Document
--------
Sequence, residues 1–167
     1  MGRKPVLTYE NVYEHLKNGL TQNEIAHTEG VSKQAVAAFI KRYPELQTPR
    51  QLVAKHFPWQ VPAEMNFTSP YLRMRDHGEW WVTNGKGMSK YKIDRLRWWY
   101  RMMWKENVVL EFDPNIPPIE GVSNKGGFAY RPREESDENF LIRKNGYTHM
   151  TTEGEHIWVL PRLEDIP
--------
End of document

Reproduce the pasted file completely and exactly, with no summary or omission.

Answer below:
Sequence, residues 1–167
     1  MGRKPVLTYE NVYEHLKNGL TQNEIAHTEG VSKQAVAAFI KRYPELQTPR
    51  QLVAKHFPWQ VPAEMNFTSP YLRMRDHGEW WVTNGKGMSK YKIDRLRWWY
   101  RMMWKENVVL EFDPNIPPIE GVSNKGGFAY RPREESDENF LIRKNGYTHM
   151  TTEGEHIWVL PRLEDIP